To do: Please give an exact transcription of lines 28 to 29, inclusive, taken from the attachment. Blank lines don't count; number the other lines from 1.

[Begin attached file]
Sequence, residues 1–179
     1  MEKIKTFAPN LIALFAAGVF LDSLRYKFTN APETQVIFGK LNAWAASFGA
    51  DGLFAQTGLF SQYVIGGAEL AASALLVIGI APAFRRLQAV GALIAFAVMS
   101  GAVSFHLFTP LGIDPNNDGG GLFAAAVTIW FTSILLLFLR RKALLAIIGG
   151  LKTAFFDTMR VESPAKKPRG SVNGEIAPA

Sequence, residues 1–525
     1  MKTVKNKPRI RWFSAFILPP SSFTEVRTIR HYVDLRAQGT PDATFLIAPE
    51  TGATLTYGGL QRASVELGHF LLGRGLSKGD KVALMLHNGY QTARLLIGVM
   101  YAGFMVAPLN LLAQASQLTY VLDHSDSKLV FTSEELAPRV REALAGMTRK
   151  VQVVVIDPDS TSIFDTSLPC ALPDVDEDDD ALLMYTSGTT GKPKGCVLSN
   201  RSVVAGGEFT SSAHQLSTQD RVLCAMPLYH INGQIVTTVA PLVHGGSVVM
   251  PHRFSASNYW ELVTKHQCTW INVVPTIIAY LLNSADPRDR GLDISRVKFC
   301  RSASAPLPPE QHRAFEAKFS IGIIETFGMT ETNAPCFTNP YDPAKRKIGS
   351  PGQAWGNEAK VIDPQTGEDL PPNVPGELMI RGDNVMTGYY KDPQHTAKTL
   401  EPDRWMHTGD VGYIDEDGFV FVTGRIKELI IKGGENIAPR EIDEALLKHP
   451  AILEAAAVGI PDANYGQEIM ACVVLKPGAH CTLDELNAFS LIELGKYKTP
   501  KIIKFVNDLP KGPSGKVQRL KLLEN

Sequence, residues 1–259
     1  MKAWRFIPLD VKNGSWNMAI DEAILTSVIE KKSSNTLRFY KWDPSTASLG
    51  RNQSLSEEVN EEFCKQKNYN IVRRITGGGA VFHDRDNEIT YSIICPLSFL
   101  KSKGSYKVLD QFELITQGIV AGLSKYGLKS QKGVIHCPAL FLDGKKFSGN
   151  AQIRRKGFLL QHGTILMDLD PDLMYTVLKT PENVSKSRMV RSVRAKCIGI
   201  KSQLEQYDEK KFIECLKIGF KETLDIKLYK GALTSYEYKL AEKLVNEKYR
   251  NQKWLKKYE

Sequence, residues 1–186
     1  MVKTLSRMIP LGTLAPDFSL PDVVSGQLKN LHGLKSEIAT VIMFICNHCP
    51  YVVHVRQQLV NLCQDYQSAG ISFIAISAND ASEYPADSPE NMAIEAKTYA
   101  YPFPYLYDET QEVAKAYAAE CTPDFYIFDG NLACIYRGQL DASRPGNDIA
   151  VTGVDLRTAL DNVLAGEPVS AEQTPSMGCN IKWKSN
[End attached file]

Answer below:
   101  YPFPYLYDET QEVAKAYAAE CTPDFYIFDG NLACIYRGQL DASRPGNDIA
   151  VTGVDLRTAL DNVLAGEPVS AEQTPSMGCN IKWKSN